You can use this trace flag to disable SQL Server from using any processor other than the primary processor when performing consistency checks (DBCCs). If you have a multiprocessor machine running a DBCC command, enabling this flag worsens performance considerably. (SQL Server uses multiple processors for running a DBCC command starting with SQL Server 2000.)
Network Database Files (1807)
SQL Server will not allow you to create a database or log file on a networked drive by default. If you attempt to do this, you receive error 5105, which states "Device Activation Error." The 1807 trace flag provides a workaround for this restriction, and you can create database files on a mapped drive or UNC path. However, just because you can do something doesn't mean you should. This trace is undocumented for a good reason. It is an incredibly bad idea to place a database file on a network drive. The support for this feature was added to help vendors like Network Appliance (http://www.netapp.com/). Storing data on a network drive opens another potential can of worms, because you must monitor and provide redundancy for that drive. If network connectivity is interrupted, your database goes down.
Send Trace Output to Client (3604)
Trace flag 3604 is the most commonly used trace flag. It sends the output of a trace to the client. For example, before you can run DBCC PAGE, which views data page information, you must run this trace flag.
Send Trace Output to Error Log (3605)
This trace is similar to trace flag 3604, but this flag sends the results to the error log.
Skip Automatic Recovery (3607)
Trace flag 3607 skips the recovery of databases on the startup of SQL Server and clears the TempDB. Setting this flag lets you get past certain crashes, but there is a chance that some data will be lost.
Skip Automatic Recovery Except Master (3608)
This trace is similar to 3607, but the TempDB in this case is not cleared and only the master database is recovered.
Log Record for Connections (4013)
This trace flag writes an entry to the SQL Server error log when a new connection is established. If you set this option, your error log can fill up quickly. For each connection that occurs, the trace flag writes two entries that look like this:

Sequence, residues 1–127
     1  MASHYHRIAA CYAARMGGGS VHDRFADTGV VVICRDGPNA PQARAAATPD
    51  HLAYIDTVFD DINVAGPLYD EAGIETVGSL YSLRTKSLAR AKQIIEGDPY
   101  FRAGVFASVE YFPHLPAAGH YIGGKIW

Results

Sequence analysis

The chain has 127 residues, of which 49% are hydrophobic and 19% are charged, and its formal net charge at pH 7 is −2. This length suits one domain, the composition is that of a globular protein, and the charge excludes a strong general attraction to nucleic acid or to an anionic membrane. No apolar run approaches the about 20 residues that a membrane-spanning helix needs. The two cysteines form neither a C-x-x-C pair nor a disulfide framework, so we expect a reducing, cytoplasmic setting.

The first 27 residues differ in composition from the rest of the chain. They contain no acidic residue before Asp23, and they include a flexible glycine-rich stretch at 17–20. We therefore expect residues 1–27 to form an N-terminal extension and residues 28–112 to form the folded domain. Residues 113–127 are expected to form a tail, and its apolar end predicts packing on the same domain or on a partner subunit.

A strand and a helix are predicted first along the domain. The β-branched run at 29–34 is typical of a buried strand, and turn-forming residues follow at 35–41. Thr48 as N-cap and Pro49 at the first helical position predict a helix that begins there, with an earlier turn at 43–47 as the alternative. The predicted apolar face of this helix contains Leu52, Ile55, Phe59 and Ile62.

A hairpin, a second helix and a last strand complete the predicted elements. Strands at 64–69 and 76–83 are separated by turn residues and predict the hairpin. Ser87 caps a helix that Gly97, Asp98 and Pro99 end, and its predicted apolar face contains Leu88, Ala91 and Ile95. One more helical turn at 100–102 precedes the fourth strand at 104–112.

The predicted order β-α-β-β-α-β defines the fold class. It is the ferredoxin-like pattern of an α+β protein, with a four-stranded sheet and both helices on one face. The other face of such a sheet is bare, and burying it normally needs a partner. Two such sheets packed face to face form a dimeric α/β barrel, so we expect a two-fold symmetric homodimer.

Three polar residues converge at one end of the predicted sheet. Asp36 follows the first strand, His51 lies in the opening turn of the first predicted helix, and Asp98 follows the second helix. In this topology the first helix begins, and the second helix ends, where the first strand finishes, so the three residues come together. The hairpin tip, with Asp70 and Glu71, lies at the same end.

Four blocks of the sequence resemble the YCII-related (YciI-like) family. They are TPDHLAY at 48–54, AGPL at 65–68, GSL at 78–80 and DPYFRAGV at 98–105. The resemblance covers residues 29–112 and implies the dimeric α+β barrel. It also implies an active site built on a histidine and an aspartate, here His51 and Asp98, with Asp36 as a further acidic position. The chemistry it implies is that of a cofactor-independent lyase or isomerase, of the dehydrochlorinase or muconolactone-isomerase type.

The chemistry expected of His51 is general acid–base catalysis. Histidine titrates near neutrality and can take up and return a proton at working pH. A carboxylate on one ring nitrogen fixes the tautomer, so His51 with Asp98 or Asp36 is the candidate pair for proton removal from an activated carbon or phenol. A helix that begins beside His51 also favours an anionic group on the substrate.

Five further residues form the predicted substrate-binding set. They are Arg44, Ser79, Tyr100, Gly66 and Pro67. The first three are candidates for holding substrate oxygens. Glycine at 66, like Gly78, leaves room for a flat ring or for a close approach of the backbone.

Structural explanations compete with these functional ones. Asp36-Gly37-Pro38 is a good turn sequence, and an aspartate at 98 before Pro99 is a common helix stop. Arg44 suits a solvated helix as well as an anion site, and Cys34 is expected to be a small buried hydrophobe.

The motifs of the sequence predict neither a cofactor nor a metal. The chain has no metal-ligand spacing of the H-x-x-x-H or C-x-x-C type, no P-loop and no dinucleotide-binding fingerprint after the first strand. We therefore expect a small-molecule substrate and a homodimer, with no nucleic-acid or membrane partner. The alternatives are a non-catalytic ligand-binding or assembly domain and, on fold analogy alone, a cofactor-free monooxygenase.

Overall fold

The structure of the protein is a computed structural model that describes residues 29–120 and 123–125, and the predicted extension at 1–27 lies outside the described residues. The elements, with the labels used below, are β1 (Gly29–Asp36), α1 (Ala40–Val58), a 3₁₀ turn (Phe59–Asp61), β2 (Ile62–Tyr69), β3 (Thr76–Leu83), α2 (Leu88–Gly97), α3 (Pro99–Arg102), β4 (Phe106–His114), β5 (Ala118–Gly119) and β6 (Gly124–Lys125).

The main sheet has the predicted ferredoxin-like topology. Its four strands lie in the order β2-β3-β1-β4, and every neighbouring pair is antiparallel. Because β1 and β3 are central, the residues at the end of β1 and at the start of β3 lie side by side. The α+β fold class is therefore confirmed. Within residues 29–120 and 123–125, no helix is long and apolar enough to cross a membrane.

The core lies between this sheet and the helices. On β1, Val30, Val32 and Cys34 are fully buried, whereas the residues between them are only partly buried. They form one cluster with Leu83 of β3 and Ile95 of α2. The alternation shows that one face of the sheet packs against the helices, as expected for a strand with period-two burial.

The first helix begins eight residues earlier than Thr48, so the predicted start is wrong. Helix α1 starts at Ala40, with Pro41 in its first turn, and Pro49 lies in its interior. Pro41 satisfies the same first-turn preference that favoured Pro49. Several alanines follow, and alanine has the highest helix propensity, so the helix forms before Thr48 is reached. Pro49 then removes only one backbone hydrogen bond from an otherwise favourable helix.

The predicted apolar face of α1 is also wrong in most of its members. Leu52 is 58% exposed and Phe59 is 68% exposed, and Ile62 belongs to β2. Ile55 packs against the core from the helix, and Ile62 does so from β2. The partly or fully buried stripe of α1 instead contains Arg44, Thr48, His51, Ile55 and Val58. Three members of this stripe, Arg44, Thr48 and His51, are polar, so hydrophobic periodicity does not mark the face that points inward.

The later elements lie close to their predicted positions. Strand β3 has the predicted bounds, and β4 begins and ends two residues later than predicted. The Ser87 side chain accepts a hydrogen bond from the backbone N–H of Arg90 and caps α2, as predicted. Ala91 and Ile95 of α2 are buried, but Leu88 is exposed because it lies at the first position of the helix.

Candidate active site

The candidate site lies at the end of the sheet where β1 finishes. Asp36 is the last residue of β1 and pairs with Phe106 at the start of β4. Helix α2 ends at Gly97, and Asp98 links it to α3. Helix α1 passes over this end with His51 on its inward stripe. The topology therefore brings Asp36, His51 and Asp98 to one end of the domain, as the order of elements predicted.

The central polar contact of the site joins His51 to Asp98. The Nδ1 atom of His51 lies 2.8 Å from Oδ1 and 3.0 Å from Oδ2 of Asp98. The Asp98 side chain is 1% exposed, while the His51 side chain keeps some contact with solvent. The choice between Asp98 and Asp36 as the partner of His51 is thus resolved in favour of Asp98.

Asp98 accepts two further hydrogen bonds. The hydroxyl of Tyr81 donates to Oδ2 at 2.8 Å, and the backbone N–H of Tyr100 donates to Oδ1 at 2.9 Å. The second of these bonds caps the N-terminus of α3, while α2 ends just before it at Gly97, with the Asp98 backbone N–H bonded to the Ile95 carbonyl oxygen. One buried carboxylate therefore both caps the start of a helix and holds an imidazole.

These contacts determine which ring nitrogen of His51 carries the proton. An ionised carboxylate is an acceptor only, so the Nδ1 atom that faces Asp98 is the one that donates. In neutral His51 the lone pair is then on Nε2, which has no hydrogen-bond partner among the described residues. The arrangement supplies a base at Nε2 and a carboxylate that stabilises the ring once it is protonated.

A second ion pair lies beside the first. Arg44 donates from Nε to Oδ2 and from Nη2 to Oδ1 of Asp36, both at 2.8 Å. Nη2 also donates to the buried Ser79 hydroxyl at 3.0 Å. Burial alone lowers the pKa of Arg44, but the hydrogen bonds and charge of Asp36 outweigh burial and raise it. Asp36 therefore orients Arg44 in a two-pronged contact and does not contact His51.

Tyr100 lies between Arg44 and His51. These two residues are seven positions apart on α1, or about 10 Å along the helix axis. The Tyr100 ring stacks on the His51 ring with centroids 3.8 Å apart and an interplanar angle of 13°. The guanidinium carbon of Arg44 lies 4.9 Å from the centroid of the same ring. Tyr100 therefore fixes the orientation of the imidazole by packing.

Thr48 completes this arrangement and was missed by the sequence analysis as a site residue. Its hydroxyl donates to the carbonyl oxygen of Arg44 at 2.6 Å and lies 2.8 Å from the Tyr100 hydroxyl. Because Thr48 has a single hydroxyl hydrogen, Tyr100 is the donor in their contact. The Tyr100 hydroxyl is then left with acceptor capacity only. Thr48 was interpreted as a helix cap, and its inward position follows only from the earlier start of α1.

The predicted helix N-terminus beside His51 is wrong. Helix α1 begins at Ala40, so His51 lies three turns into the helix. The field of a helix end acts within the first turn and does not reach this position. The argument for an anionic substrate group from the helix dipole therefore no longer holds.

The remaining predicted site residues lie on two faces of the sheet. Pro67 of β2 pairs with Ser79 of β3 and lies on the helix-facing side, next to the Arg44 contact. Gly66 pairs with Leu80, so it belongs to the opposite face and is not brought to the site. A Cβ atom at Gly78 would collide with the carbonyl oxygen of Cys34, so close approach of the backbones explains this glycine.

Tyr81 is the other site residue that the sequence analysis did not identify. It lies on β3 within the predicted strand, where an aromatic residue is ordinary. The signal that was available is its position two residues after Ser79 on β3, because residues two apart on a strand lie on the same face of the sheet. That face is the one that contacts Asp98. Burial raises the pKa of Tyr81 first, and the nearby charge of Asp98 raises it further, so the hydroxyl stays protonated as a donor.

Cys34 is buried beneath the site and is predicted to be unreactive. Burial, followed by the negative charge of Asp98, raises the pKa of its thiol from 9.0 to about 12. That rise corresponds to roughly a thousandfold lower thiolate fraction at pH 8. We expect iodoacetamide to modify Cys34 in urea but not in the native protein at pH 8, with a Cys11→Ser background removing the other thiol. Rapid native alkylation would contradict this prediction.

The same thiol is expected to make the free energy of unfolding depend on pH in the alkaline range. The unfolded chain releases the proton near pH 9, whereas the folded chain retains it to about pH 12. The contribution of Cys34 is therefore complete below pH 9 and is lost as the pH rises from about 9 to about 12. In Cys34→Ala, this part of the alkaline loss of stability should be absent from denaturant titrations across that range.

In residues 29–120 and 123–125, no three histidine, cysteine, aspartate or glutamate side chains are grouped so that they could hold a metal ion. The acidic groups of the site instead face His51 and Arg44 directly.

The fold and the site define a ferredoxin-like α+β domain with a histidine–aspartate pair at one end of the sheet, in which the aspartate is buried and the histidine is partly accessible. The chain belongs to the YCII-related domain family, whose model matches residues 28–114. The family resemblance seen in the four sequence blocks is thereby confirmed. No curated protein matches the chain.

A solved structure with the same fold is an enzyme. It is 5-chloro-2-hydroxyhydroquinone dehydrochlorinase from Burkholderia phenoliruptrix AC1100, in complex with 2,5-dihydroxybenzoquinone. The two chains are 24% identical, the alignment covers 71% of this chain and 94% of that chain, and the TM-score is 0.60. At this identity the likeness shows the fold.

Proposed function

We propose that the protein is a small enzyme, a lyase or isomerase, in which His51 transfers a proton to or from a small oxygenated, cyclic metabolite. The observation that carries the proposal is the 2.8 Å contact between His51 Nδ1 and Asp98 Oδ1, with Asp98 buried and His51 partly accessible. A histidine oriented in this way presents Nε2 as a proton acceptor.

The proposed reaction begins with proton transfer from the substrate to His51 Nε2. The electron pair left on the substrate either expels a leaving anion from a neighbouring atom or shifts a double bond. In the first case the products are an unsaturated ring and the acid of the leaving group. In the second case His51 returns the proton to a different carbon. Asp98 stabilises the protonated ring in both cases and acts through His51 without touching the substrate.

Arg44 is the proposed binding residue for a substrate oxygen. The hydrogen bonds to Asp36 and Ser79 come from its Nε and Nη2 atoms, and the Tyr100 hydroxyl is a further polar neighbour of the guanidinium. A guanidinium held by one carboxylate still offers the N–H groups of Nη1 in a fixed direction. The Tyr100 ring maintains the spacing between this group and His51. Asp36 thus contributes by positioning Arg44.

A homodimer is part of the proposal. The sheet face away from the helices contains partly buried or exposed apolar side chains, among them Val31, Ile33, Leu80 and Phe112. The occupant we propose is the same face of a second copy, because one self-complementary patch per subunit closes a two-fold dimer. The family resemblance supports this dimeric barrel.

Login: sa saSQL Query Analyzer(local)ODBCmaster, server
process ID (SPID): 57, kernel process ID (KPID): 57.
Login: sa XANADUsaSQL Query Analyzer(local)ODBCmaster,
server process ID (SPID): 57, kernel process ID (KPID): 57.
Skip Startup Stored Procedures (4022)
This is a handy trace flag for troubleshooting. It forces SQL Server to skip startup stored procedures. This is especially useful if a stored procedure has been altered and causes harm to your system. After you set this trace flag, you can then debug the stored procedure and set it back to its original state.
Ignore All Index Hints (8602)
Trace flag 8602 is a commonly used trace flag to ignore index hints that are specified in a query or stored procedure. This is a fantastic option when you're trying to determine if an index hint is hurting more than helping. Rather than rewriting the query, you can disable the hint using this trace flag and rerun the query to determine if SQL Server is handling the index selection better than the index hint.
Disable Locking Hints (8755)
Trace flag 8755 will disable any locking hints like READONLY. By setting this, you allow SQL Server to dynamically select the best locking hint for the query. If you feel the query's locking hint may be hurting performance, you can disable it and rerun the query.
Disable All Other Hints (8722)
Lastly, the 8722 trace flag will disable all other types of hints. This includes the OPTION clause.
By running all three 8602, 8755, and 8722 trace flags, you can disable all hints in a query. If you feel your performance is being negatively affected by a hint, you can set these rather than rewrite all the queries while you test. Generally speaking, there's no reason to place hints on queries in SQL Server 7.0 or 2000.
Click for the next excerpt in this series: Alerts
Click for the complete book excerpt series.
This was first published in July 2005